Biologists stationed in a Farallon Islands lighthouse were able to spot what could be a record number of whales feasting and frolicking off the coast of San Francisco in one hour last weekend, counting a total 115 of the endangered mammals.
“I have never heard of any higher numbers than that,” said Mary Jane Schramm of the Greater Farallones National Marine Sanctuary, noting there were 93 humpback whales, 21 blue whales and a fin whale sighted last Saturday.
Though less whales are being spotted on San Francisco’s coast with each passing day, researchers are still worried whales traversing shipping lanes in large pods near The City could be struck by vessels.
The marine sanctuary is asking boaters to be on alert for whales.
Alongside federal guidelines that suggest all boats stay 300 feet away from whales, the marine sanctuary and U.S. Coast Guard are requesting large ships slow down to speeds under 10 knots from Point Reyes to the Farallon Islands to Point Año Nuevo.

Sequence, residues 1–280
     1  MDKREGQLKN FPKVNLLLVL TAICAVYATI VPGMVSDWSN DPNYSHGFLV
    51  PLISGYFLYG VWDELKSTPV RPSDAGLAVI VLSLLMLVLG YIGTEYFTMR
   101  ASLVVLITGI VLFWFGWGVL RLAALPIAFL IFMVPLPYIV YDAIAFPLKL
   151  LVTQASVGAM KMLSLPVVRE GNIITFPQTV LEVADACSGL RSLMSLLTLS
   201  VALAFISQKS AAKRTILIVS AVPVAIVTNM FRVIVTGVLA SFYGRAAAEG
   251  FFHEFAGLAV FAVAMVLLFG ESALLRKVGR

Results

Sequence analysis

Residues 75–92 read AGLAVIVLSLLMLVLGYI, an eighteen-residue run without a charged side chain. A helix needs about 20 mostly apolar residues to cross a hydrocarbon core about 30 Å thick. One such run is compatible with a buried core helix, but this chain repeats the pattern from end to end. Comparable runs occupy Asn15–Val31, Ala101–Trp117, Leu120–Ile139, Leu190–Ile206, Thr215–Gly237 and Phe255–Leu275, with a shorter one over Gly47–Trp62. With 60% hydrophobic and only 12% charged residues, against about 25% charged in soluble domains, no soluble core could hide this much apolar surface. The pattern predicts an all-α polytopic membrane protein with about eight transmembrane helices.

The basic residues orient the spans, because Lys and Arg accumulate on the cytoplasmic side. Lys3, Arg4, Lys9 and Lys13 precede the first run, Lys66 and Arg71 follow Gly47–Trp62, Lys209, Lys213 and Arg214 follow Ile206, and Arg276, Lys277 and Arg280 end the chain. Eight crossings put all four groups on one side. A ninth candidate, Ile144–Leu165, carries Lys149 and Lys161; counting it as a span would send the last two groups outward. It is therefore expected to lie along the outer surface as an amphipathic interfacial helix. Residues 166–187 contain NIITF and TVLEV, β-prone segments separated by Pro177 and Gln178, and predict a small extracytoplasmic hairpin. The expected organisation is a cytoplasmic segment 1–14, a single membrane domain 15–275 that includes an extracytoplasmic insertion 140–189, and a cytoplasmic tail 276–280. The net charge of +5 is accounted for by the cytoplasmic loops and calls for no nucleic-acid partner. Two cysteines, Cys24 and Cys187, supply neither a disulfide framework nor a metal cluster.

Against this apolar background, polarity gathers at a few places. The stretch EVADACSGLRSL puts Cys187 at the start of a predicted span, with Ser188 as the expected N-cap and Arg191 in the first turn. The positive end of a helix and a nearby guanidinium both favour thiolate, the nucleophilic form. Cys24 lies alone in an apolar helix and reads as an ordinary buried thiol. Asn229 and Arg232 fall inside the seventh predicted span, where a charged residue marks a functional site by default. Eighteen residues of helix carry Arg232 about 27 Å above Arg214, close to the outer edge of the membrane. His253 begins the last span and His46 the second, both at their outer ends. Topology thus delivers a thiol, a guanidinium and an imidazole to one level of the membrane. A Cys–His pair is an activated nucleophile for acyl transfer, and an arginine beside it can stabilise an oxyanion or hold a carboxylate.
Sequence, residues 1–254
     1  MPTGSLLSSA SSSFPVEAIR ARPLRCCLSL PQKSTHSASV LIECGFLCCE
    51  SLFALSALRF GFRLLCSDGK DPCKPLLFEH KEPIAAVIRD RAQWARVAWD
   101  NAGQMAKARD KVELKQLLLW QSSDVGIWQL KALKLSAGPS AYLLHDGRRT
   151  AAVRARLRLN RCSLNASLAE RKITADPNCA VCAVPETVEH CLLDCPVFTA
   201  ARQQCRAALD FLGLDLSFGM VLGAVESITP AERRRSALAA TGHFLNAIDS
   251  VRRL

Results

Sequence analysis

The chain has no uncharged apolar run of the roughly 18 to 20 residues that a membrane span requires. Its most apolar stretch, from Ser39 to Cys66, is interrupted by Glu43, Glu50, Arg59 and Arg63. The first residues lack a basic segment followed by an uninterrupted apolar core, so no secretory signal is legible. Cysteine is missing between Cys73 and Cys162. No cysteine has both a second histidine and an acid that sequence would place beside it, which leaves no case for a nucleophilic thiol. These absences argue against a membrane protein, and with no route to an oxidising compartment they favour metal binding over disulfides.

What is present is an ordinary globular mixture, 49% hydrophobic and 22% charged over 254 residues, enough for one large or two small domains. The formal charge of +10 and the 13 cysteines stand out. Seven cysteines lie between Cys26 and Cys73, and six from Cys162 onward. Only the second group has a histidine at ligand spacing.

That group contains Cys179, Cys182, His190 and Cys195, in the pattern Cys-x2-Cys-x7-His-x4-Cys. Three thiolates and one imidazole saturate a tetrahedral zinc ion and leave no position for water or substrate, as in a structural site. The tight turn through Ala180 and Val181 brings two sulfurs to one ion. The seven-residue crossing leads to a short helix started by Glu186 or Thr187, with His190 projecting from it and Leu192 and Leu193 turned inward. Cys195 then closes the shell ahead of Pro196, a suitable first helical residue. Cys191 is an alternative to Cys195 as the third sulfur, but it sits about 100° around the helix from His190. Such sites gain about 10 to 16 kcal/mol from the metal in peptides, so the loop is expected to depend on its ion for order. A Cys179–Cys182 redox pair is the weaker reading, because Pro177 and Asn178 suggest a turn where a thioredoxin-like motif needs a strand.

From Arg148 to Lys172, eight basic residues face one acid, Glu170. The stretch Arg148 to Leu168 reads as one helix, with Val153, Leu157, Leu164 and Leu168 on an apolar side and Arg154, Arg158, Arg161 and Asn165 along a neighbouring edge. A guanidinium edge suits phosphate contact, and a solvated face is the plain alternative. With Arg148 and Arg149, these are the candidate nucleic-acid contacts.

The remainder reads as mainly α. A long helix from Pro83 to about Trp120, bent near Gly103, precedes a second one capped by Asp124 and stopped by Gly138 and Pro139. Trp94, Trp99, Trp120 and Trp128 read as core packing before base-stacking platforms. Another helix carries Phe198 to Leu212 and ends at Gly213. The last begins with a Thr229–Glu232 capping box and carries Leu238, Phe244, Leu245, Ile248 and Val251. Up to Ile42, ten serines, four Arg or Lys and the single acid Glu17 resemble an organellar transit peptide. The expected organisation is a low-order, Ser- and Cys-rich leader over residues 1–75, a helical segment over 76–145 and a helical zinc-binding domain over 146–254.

“We’ve been very concerned about these reports of small boats going out,” Schramm said. “There’s the threat of ship strike from larger vessels, so we’ve [also] called for that voluntary speed reduction.”
Instead, Schramm suggests potential whale watchers looking for a spectacle can view the enormous creatures from the shoreline.
“There’s so many whales that are visible from land, you can just go to Lands’ End and see them from there,” she said. “It’s for the animals’ safety but it’s also for the boater’s safety.”
Whales are susceptible to great injury, and even death, when they collide with vessels. In addition, Schramm said small boaters risk life-threatening injury when coming into close contact with whales, which could flop onto a boat and sink it.
Since late spring, the marine sanctuary has recorded large numbers of whales navigating the coast of San Francisco, with numbers peaking Saturday. Researchers expect whales will be there en masse through the end of July.
Schramm said the numerous whales are along the coast for the unusually copious amounts of food.
“There’s apparently a huge amount of krill off the coast of San Francisco, near the Farallon Islands,” said Schramm, noting that blue whales are picky eaters who opt only for krill, consuming sometimes four tons of krill each a day.
“It’s like a thick rich organic soup out there right now,” she said.